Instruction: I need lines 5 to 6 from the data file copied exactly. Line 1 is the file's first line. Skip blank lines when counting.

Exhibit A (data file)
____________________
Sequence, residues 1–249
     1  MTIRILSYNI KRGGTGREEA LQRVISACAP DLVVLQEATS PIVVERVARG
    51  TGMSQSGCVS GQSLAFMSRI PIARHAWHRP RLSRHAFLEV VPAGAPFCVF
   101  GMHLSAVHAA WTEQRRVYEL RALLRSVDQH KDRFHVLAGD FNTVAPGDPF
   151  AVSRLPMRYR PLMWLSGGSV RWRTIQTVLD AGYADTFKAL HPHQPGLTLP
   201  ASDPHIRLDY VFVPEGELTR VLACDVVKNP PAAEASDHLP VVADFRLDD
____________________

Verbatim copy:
   151  AVSRLPMRYR PLMWLSGGSV RWRTIQTVLD AGYADTFKAL HPHQPGLTLP
   201  ASDPHIRLDY VFVPEGELTR VLACDVVKNP PAAEASDHLP VVADFRLDD